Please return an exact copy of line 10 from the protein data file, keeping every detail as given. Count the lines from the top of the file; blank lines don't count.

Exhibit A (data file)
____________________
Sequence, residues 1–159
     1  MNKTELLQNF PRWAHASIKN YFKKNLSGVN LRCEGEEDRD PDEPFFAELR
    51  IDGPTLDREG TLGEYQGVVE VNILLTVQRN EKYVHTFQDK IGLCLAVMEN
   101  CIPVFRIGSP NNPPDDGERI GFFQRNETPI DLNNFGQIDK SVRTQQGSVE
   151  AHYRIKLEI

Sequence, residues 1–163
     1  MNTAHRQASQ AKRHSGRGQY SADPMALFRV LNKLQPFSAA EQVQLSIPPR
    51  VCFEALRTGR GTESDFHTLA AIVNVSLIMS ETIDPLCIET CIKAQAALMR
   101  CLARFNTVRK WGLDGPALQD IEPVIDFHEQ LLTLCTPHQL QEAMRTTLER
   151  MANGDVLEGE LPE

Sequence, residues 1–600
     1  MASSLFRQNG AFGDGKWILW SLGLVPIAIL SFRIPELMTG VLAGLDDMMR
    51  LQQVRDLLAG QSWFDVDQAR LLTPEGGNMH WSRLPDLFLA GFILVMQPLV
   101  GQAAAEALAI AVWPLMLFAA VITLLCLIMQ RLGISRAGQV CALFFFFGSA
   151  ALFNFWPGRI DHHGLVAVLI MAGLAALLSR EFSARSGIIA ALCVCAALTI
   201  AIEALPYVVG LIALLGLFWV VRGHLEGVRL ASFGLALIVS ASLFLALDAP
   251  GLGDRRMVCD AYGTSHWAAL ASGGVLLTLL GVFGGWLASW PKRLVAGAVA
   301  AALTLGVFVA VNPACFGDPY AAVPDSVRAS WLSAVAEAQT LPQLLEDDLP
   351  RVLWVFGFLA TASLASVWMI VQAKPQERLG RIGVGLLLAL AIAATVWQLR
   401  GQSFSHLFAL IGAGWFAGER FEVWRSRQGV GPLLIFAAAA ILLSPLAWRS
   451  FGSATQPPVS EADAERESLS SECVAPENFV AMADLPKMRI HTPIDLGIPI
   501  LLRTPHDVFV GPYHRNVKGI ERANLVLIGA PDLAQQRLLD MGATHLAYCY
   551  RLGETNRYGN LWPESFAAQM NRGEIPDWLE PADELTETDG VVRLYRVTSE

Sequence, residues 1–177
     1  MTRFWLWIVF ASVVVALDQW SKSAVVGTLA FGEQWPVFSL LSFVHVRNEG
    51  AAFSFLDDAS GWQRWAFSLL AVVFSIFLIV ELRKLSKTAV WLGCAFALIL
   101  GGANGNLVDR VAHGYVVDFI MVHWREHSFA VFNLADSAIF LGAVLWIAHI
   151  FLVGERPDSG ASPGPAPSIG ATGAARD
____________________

   151  MANGDVLEGE LPE